Did you know the University of San Francisco is the oldest college in the city? Or that it was once named after a saint? Check out the timeline below for the university's history.
Originally named St. Ignatius Academy, the University of San Francisco was the first university in San Francisco. The academy opened in October 1855 after Italian immigrant Father Anthony Maraschi, S.J., arrived in the city in 1854.
Borrowing $11,500 to build a Jesuit church and school on the south side of Market Street, Maraschi opened the school. Three students showed up for the first class.
In 1859, the state of California granted a charter to the university, and three years later, a new building for the was constructed on the same site. In June 1863, the first Bachelor of Arts degree was conferred.
In 1880, the academy moved to new buildings on Van Ness Avenue near the current site of the Civic Center. After the 1906, the academy moved temporarily to Hayes and Shrader Streets.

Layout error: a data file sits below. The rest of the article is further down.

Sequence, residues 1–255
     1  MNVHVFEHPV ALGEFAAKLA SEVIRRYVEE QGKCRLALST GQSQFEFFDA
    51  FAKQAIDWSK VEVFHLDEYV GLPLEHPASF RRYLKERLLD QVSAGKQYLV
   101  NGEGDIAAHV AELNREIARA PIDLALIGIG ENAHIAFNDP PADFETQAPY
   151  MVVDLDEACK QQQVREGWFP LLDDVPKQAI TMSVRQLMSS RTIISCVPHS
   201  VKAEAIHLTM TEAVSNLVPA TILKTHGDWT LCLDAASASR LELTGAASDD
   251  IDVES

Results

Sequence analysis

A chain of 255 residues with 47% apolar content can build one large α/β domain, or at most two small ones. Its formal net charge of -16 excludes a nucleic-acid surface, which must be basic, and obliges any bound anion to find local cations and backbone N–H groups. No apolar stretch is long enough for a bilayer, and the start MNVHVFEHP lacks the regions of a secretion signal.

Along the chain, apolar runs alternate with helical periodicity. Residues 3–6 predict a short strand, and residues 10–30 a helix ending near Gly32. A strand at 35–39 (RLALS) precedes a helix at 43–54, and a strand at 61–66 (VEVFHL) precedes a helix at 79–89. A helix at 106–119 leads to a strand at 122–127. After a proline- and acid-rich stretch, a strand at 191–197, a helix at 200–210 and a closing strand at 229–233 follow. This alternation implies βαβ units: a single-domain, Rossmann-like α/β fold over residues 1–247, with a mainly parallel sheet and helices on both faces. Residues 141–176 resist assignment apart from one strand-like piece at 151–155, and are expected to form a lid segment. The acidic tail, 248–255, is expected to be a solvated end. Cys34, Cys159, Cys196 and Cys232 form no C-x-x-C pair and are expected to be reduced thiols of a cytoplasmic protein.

In 1909, property was acquired at Fulton Street and Parker Avenue, where the current campus is now located. While development of the property got off to a slow start, by 1927, to accommodate the growing student population, a Liberal Arts building was completed and the university was moved to its present location.
At its Diamond Jubilee in 1930, the St. Ignatius Academy officially changed its name to the University of San Francisco.
A male-only school for most
Today, the university has five academic divisions with a student population of roughly 8,700 as well as about 500 faculty members.
-- Compiled by Katie Nelson, Staff